The lead is 4-under 140, with Rickie Fowler, Sergio Garcia, Thomas Pieters and Charley Hoffman sharing the lead. Jordan Spieth, Adam Scott and Phil Mickelson are four back at even-par 144. Rory McIlroy is five astray. Jon Rahm, 58-year-old Fred Couples and Justin Rose are 1-under par. We’re in store for a great weekend in terms of weather, which hopefully gives us a great finish at Augusta National.
The marquee group will be Spieth paired with Mickelson. Between them they have four green jackets, and while Mickelson holds the edge 3-1, no on has been better at Augusta National over the last three years than Spieth, whose record there is T2, 1, T2.
Here are the five things to watch for on Saturday at the Masters:
Not many major winners in the top 10. When will experience, or lack thereof, start to matter? Of the top nine on the leaderboard, just two players have major titles: 58-year-old Fred Couples and 2013 U.S. Open winner Justin Rose. The sharks with majors are waiting starting four behind the lead.
Better weather. After two days of nasty winds that gave us the highest 36-hole cut since 2007 (when Zach Johnson won at 1-over 289), the weather will be ideal for the weekend. It’s going to be sunny and in the high 60s or low 70s on Saturday and Sunday with almost no wind. Moving Day will be more than just a name.
Keeping it within eight shots. The biggest final-round comeback in Masters history is eight shots, which Jack Burke Jr. made up over Ken Venturi in 1956. If that’s the marker, then any player within that mark has a historic chance, even if not a present one.
Getting off to a good start. Through two rounds, the first hole at Augusta National is playing the toughest in Masters history, almost two-thirds of a stroke over par. Avoiding disaster to start the round will be key for all the contenders.
The battle for low amateur. The U.S. Amateur champion (who turns pro Monday) Curtis Luck and U.S. Mid-Amateur champion Stewart Hagestad both made the cut. Hagestad is the first U.S. Mid-Am winner to make the Masters cut dating back to its 1981 creation. The low-am honor isn’t a fait accompli, and that’s fun.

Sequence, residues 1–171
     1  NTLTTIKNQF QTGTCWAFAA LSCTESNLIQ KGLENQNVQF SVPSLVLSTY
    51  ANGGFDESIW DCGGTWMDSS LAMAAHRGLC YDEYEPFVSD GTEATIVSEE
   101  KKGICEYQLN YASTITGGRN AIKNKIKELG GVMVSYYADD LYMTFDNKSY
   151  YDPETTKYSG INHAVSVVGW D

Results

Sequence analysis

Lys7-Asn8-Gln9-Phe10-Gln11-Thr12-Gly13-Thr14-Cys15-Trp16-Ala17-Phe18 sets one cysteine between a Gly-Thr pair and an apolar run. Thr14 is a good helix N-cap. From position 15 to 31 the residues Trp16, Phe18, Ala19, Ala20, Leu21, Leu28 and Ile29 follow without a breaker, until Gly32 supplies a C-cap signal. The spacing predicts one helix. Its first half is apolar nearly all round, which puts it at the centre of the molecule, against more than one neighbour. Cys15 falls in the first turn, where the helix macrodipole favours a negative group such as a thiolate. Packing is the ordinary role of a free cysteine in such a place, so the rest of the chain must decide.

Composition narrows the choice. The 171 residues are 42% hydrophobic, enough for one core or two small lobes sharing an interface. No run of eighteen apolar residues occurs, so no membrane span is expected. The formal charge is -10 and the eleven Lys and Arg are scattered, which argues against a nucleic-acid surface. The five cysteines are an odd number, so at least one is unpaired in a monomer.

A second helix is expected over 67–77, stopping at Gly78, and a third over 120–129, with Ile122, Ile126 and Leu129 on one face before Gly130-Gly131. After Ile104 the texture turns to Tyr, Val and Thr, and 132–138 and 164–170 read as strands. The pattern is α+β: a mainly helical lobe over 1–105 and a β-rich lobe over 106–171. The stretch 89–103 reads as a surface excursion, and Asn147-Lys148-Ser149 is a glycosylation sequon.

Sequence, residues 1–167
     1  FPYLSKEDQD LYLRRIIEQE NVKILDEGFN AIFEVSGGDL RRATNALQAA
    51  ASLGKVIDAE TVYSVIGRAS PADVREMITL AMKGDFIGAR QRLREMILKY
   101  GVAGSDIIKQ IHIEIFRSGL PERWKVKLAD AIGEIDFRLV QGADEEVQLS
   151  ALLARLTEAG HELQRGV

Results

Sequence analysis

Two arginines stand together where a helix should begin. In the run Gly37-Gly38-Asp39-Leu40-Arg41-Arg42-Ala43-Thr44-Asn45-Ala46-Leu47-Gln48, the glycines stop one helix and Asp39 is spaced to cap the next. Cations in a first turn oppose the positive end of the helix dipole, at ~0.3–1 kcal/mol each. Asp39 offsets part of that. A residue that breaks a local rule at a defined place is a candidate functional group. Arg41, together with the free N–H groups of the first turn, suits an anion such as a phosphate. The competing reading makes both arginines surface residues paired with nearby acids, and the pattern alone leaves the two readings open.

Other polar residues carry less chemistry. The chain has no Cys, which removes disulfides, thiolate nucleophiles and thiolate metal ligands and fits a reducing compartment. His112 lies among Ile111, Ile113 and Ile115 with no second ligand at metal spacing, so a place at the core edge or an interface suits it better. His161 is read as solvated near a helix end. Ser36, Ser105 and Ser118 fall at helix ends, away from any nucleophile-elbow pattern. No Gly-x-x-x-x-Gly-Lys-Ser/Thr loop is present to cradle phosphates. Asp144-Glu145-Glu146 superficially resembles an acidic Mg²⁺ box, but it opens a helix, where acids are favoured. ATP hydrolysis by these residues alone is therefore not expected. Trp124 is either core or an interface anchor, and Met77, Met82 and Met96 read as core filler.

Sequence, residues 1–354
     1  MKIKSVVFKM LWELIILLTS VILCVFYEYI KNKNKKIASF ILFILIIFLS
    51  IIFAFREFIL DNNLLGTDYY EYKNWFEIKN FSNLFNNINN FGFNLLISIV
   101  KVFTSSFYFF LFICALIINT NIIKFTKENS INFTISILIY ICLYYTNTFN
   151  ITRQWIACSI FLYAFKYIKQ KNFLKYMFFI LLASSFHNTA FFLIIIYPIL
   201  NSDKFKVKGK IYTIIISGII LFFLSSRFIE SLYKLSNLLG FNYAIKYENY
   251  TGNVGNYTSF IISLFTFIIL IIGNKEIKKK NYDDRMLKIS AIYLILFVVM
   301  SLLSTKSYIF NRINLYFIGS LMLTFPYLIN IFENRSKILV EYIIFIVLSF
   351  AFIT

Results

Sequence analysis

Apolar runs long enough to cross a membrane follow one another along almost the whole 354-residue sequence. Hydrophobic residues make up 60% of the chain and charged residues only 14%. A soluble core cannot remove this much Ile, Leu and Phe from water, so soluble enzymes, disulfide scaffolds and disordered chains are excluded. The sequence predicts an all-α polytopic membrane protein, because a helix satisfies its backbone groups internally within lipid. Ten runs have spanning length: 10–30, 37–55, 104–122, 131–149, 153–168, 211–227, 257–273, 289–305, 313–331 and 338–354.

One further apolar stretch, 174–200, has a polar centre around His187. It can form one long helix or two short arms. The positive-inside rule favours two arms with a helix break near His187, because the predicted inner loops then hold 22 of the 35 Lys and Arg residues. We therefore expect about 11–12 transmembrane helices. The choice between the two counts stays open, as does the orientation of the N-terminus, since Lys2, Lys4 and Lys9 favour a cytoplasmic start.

Here’s a look at Saturday’s tee times (ET):
10:20 a.m. – Jason Day
10:30 a.m. – Daniel Berger, Branden Grace
10:40 a.m. – J.B. Holmes, Francesco Molinari
10:50 a.m. – Curtis Luck*, Larry Mize
11 a.m. – James Hahn, Ross Fisher
11:10 a.m. – Matthew Fitzpatrick, Brandt Snedeker
11:20 a.m. – Kevin Kisner, Andy Sullivan
11:30 a.m. – Daniel Summerhays, Adam Hadwin
11:40 a.m. – Emiliano Grillo, Justin Thomas
12 p.m. – Byeong-Hun An, Bernd Wiesberger
12:10 p.m. – Steve Stricker, Louis Oosthuizen
12:20 p.m. – Brooks Kopeka, Pat Perez
12:30 p.m. – Kevin Chappell, Paul Casey
12:40 p.m. – Brian Stuard, Stewart Hagestad*
12:50 p.m. – Russell Henley, Brendan Steele
1 p.m. – Bill Haas, Jimmy Walker
1:10 p.m. – Lee Westwood, Marc Leishman
1:20 p.m. – Ernie Els, Jason Dufner
1:40 p.m. – Hideki Matsuyama, Martin Kaymer
1:50 p.m. – Soren Kjeldsen, Charl Schwartzel
2 p.m. – Matt Kuchar, Rory McIlroy
2:10 p.m. – Jordan Spieth, Phil Mickelson
2:20 p.m. – Justin Rose, Adam Scott
2:30 p.m. – Jon Rahm, Fred Couples
2:40 p.m. – William McGirt, Ryan Moore
2:50 p.m. – Thomas Pieters, Rickie Fowler
3 p.m. – Charley Hoffman, Sergio Garcia
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